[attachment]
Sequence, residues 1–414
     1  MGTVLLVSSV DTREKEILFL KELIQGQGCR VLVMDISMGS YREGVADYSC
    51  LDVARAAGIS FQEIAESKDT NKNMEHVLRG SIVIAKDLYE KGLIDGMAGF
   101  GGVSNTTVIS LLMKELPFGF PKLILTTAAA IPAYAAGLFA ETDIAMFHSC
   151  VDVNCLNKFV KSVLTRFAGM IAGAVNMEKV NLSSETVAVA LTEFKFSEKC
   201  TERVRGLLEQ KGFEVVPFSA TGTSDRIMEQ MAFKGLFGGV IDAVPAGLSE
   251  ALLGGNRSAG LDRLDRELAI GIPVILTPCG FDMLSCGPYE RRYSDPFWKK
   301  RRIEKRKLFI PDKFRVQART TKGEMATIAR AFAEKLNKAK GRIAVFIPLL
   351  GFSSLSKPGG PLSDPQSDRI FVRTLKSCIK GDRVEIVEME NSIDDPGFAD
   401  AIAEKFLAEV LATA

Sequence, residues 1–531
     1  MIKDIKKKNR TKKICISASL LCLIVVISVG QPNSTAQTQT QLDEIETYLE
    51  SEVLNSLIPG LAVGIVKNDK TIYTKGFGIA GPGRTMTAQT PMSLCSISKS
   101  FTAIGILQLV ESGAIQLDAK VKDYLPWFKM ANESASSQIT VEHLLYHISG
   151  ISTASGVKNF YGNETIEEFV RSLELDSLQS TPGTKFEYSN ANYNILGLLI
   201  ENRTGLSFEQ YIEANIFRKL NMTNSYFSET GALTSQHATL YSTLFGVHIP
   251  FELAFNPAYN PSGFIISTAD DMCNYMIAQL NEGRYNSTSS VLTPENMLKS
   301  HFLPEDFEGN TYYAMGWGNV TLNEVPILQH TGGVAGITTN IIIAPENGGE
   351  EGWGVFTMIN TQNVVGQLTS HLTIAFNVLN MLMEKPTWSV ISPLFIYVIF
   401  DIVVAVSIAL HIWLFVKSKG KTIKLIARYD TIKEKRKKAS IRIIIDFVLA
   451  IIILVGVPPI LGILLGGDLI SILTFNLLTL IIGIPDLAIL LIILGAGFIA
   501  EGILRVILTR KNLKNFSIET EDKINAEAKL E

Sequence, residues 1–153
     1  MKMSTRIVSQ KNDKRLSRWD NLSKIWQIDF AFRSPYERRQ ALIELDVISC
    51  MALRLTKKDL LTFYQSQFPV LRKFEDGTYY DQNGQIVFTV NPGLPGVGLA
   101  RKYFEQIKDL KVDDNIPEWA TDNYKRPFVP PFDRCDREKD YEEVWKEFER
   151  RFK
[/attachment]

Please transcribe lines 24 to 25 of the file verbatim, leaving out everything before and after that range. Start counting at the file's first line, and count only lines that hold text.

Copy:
     1  MKMSTRIVSQ KNDKRLSRWD NLSKIWQIDF AFRSPYERRQ ALIELDVISC
    51  MALRLTKKDL LTFYQSQFPV LRKFEDGTYY DQNGQIVFTV NPGLPGVGLA